This marks the first time the Court has invited the silcrow—better known as the “section symbol” (§).  Also use the section symbol when citing secondary sources, just not for State or federal statutes and regulations.

So: R.C. 149.43.
Still not: R.C. § 149.43.
And: 42 U.S.C. 1983.
Still not: 42 U.S.C. § 1983.

The new guide maintains a handful of other idiosyncrasies from the past as well.  Still, just one paragraph symbol (¶) when citing multiple paragraphs.  Still, no spaces when citing rules (e.g., Fed.R.Civ.P. 12(b)(6)).  Still, a freestanding “emphasis added” parenthetical sentence between the quote and the cite, like so: “[Quote].”  (Emphasis added.)  [cite].

This latest guide replaces the manual’s Second Edition, introduced in 2013, which superseded The Manual of the Forms of Citation of 1985, as revised in 1992 and 2002.  We know of some federal courts that offer substantive writing guides, including the Seventh Circuit’s Requirements and Suggestions for Typography and the Eighth Circuit’s Pointers.  It appears, however, that the Sixth Circuit is not among them.  Though, we can boast Judge Kethledge’s insightful primer on effective brief writing.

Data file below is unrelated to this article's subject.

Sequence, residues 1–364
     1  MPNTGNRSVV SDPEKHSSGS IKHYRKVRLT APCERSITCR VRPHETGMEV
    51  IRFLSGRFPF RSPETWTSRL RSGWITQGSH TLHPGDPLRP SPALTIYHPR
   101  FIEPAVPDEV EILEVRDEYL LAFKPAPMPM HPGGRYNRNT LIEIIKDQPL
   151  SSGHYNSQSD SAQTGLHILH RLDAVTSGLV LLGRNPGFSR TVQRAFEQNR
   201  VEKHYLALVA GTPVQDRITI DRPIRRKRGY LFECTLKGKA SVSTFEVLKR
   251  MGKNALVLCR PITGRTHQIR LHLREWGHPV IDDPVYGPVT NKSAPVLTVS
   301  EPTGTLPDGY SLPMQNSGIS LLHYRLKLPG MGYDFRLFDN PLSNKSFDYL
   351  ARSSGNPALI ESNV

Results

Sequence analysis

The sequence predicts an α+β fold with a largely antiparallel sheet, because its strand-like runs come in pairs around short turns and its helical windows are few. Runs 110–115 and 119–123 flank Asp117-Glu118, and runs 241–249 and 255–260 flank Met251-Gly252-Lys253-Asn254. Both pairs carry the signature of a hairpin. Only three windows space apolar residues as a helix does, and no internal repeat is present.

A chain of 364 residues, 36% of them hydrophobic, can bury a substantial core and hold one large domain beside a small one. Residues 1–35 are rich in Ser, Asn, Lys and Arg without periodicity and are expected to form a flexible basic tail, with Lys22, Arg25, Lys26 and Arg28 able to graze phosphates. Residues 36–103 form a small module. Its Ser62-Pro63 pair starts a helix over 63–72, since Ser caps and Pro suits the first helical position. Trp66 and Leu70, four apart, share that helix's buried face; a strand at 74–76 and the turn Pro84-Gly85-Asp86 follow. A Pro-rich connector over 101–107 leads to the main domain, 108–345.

Before Now
Ohio, 2002 and after Bonacorsi v. Wheeling & Lake Erie Ry. Co., 95 Ohio St.3d 314, 2002-Ohio-2220, 767 N.E.2d 707, ¶ 15. Bonacorsi v. Wheeling & Lake Erie Ry. Co., 2002-Ohio-2220, ¶ 15.
Ohio, before 2002 O’Brien v. Egelhoff, 9 Ohio St.3d 309, 311, 459 N.E.2d 886 (1984). O’Brien v. Egelhoff, 9 Ohio St.3d 309, 311 (1984).
Ohio Ct. App., 2002 and after State v. Jones, 10th Dist. Franklin No. 02AP-1390, 2003-Ohio-5994. State v. Jones, 2003-Ohio-5994 (10th Dist.).
Ohio Ct. App., before 2022 State v. Croston, 4th Dist. Athens No. 01CA22, 2001 WL 1346130 (Oct. 30, 2001). State v. Croston, 2001 WL 1346130 (4th Dist. Oct. 30, 2001).
U.S. Supreme Court Dutton v. Evans, 400 U.S. 74, 77, 91 S.Ct. 210, 27 L.Ed.2d 213 (1970). Dutton v. Evans, 400 U.S. 74, 77 (1970).
U.S. Court of Appeals, published Baker v. Union Twp., 587 Fed.Appx. 229, 231 (6th Cir.2014). Baker v. Union Twp., 587 Fed.Appx. 229, 231 (6th Cir. 2014).